This photo taken on June 27, 2019, shows policemen at a crime scene where the body of Michael Oescayno - a health worker and former drug surrenderee - lies on the ground after unidentified gunmen killed him in Manila. (AFP/NOEL CELIS)
July 16, 2019
On Tuesday, July 16 at 19:30 GMT:
President Rodrigo Duterte's "war on drugs" has killed thousands of drug suspects in the Philippines over the past three years. But rights groups believe the number of casualties is much higher than the 6,600 deaths the government admits to, and that the raids disproportionately target poor communities.
Last week, the UN Human Rights Council voted to investigate alleged abuses in the country, including extrajudicial killings, enforced disappearances, and police impunity. Authorities say those killed in anti-drug raids were crime suspects who were armed and resisting arrest. The Philippines’ human rights commission estimates that there could be more than 27,000 deaths from extrajudicial killings.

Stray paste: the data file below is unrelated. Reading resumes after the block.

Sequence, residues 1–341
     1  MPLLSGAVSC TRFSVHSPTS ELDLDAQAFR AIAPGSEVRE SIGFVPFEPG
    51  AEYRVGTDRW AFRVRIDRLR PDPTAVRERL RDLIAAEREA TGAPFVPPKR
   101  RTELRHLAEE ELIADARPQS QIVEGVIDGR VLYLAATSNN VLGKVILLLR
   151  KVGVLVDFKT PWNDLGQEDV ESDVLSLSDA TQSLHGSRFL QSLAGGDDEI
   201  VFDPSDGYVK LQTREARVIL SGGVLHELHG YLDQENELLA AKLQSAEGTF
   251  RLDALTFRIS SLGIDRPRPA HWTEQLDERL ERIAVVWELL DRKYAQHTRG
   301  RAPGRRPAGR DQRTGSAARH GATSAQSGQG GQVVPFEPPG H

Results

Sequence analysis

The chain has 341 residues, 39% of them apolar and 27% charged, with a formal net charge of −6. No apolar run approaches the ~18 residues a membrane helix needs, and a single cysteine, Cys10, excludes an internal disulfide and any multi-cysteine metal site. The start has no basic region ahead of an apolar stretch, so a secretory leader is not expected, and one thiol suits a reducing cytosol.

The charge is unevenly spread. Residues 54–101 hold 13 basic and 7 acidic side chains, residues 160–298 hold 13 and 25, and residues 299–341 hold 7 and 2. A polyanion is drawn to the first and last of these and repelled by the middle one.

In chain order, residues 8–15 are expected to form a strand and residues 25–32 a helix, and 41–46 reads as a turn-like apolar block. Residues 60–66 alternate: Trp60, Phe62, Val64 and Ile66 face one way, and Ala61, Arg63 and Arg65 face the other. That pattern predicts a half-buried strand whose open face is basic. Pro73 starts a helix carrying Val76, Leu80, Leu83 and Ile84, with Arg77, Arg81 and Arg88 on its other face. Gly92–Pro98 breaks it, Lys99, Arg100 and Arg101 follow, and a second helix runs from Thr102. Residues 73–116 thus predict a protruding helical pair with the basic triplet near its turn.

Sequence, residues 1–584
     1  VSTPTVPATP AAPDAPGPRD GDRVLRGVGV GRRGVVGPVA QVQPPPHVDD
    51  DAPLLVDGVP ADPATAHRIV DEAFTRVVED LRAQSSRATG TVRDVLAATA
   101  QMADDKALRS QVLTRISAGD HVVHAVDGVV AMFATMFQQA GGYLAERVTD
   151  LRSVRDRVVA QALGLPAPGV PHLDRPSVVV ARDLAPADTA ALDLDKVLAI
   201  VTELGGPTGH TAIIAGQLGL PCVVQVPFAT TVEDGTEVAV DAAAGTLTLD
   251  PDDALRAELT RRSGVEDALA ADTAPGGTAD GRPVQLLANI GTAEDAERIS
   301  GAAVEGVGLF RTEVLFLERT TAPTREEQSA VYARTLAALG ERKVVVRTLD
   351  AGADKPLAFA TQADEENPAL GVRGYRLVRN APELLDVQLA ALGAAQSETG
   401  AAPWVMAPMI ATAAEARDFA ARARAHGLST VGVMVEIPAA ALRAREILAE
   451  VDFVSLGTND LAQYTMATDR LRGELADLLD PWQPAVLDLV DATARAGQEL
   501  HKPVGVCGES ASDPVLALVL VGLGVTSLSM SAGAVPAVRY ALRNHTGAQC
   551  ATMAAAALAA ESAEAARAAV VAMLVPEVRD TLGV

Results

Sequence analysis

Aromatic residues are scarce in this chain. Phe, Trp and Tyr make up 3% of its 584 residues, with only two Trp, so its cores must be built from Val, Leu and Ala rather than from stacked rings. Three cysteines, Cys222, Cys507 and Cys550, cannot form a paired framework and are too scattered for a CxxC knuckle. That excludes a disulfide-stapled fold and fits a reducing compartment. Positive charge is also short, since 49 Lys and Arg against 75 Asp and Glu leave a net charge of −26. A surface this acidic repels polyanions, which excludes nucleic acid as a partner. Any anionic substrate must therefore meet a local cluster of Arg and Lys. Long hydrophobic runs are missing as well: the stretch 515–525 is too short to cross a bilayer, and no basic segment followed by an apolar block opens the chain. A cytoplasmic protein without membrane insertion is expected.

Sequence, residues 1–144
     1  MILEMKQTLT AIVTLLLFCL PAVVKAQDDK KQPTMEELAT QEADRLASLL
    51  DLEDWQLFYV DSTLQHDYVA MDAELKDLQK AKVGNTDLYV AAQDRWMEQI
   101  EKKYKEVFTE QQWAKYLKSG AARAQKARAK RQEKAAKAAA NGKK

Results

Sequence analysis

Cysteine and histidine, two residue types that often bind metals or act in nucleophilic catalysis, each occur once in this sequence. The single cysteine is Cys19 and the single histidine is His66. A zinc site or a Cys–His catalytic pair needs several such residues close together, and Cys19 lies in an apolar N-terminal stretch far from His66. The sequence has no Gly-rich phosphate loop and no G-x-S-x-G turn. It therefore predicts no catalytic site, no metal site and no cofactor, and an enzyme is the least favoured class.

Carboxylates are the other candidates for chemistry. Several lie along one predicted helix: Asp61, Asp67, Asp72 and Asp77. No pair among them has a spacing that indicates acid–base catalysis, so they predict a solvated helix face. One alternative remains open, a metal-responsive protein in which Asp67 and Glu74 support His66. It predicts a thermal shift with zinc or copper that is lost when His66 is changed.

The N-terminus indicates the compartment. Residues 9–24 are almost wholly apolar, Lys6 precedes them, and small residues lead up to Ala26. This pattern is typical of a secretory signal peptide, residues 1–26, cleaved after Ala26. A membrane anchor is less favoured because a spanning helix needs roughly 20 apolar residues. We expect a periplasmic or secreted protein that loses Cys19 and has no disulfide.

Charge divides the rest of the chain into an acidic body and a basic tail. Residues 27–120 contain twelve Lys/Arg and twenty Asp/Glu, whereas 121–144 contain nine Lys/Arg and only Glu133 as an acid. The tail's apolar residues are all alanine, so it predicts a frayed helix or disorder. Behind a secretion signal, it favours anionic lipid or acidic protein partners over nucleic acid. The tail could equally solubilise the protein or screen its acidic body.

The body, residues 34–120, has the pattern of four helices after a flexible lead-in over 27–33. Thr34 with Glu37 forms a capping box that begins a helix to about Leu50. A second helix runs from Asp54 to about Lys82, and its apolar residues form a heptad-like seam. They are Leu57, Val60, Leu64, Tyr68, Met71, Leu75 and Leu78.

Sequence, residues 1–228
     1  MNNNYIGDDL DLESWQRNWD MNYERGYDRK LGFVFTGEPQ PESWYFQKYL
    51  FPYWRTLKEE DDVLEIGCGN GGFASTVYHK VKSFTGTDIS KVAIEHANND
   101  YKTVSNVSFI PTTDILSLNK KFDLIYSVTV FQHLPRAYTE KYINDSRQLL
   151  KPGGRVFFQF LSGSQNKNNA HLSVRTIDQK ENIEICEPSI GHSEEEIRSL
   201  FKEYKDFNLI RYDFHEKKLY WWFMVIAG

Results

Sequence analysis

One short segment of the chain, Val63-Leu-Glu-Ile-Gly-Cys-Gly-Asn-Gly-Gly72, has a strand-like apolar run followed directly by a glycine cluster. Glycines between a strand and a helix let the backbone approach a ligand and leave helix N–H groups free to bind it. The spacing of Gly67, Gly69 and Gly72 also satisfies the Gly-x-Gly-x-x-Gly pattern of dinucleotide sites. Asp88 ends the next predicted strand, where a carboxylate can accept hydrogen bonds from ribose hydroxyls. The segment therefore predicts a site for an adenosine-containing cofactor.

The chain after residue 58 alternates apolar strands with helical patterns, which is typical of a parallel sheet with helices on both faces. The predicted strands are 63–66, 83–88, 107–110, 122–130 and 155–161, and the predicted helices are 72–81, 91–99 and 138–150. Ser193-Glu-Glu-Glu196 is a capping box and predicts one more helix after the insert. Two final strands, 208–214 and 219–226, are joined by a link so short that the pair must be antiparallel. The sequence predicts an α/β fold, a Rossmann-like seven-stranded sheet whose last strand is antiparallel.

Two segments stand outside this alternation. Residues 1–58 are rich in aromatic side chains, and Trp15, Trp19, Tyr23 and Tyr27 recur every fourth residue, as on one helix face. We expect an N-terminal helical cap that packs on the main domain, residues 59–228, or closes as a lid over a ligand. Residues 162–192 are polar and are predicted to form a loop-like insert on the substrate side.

Those who support the country's anti-drug campaign say Duterte's policies are necessary to reduce crime.
In this episode, we'll learn about the people impacted by Duterte's policies and ask whether the nation’s approach towards fighting drug crime needs reform. Join the conversation.
UN approves resolution to probe Duterte's 'war on drugs' - Al Jazeera
Three-year-old girl latest Philippines ‘drug war’ victim - Human Rights Watch